If Gov. Jerry Brown wants to convince California voters to take a deep breath, grit their teeth and vote for a tax hike this November, he should spend some time talking about the University of California and the state college system.

A couple of years ago, I interviewed then-Lt. Gov. John Garamendi for a story about UC finances in the UC Berkeley alumni magazine.

While Garamendi, a football star, attended Cal on an athletic scholarship, he still remembered that the UC schools were the Holy Grail of education for kids at rural schools like his own Calaveras High School back in 1962.

A chance to go to a UC school was “the way up, the opportunity to succeed in life,” he said. “And it was free. If you could find a place to sleep and scrounge enough money for something to eat, you could go to the university.”

But fees for California students that were around $200 in Garamendi’s day have morphed into tuition of $12,192 last fall, more than double what it was even as recently as 2005. And that’s not even counting campus fees, much less room and board.

A friend of mine has a daughter who attends a pricey private school on the East Coast, thanks to a generous scholarship. Since she’s back on spring break and headed down to UCLA to visit friends, I joked that maybe she was looking to transfer.

“Nah,” he said. “I couldn’t afford to send her to UCLA.”

That’s a decision that’s being made each year by tens of thousands of would-be students and their parents. And those top students who reluctantly turn away from a too-expensive state college or university and head out of state for their education are a loss California can’t afford.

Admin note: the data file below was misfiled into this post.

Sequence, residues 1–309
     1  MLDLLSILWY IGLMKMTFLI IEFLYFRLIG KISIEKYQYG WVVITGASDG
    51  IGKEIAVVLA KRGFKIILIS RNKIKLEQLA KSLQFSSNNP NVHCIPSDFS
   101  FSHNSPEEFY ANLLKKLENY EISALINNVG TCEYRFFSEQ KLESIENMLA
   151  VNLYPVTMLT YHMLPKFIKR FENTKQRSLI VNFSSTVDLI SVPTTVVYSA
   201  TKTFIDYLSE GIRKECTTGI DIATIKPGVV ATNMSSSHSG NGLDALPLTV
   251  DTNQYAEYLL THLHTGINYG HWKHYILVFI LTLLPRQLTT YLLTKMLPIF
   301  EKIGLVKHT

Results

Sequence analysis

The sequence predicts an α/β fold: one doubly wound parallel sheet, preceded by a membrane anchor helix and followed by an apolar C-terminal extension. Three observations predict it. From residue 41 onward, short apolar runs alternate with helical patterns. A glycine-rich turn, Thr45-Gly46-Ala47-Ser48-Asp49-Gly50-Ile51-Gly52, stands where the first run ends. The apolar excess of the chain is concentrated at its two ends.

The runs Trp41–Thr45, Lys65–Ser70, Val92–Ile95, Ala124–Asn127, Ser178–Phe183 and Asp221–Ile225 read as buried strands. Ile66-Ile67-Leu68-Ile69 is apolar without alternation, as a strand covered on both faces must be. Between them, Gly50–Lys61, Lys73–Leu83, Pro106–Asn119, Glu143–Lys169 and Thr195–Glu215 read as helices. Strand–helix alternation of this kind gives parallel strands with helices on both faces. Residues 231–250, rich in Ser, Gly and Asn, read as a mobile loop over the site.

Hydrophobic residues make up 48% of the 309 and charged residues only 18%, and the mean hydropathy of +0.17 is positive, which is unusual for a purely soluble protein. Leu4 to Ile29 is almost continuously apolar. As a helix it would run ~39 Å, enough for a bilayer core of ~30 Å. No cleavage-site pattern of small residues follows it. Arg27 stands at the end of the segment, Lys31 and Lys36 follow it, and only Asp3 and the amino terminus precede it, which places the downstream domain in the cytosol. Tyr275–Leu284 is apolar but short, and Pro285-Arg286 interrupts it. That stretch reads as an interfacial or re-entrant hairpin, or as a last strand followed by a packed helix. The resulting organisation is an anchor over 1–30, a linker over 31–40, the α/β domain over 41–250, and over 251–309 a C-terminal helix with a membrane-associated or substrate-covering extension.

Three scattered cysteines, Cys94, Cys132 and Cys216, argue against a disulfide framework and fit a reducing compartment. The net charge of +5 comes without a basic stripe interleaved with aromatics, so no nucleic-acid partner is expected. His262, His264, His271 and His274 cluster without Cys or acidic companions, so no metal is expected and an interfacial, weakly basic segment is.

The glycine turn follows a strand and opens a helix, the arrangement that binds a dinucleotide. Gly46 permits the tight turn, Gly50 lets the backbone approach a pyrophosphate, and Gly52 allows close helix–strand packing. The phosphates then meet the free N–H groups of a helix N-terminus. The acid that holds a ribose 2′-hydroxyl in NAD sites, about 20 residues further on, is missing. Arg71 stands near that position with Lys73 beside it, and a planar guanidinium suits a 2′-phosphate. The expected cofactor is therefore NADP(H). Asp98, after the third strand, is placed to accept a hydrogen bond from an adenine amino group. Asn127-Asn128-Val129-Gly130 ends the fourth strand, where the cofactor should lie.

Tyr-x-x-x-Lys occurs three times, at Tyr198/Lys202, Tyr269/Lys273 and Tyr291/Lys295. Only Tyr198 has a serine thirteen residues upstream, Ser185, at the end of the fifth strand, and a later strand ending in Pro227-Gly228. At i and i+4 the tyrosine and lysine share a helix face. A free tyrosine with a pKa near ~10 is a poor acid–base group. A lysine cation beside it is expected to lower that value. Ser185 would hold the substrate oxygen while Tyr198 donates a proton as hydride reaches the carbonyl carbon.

Earlier this week, trustees of the state university system learned that state funding cuts are going to force the system’s 23 campuses to freeze enrollment and turn away as many as 25,000 students who want to enroll this spring. With budget cuts forcing ever more classes to be trimmed, that once-standard four-year degree is now a five- or six-year degree at too many state schools.

Between 2008 and 2011, more than $2.65 billion was cut from state funding for higher education as California tried desperately to deal with its budget woes. And at the same time the state was looking to trim its Cal Grant scholarship program, student fees and tuition was soaring. Undergraduate fees at state colleges and universities that were $1,572 in the 2002-03 fiscal year had jumped to $5,472 by last year.

Last fall was a landmark for the UC system, and it wasn’t a happy one. For the first time ever, UC received more money from tuition than from the state, which now provides only about 12 percent of the system’s annual budget.

In his budget this year, Brown called for the UC system to get an additional $90 million in funding and talked about the importance of state investment in higher education.

But when mid-year state revenues fell short of estimates, it triggered automatic cuts of $100 million each to the UC and state university system budgets. And if Brown’s tax initiative doesn’t pass in November, they’ll each lose another $200 million from the current year’s budget, with no prospect of getting it back.

It’s not as though the state’s makers and shakers don’t recognize the importance of providing a world-class university education to California’s top students, regardless of whether they have the money to pay for it.

In a radio interview last month, Lt. Gov. Gavin Newsom called the state’s higher education system a conveyer belt for the talent that California desperately needs, now and in the future.

“Higher education is the reason this economy has succeeded over the last half-century plus,” he said. “We are losing that key advantage.”

More than 50 years ago, it was Jerry’s father, then-Gov. Pat Brown, who pushed for the California Master Plan for Higher Education, which created a pathway for young people from every part of the state, rich and poor alike, to get the best education they could at a price they could afford.

It’s easy for voters to forget just what the state’s promise of a free or low-cost college education meant to the generations of Californians who built this state into the business, scientific and economic powerhouse it is today.

Brown shouldn’t let them.

John Wildermuth is a longtime writer on California politics.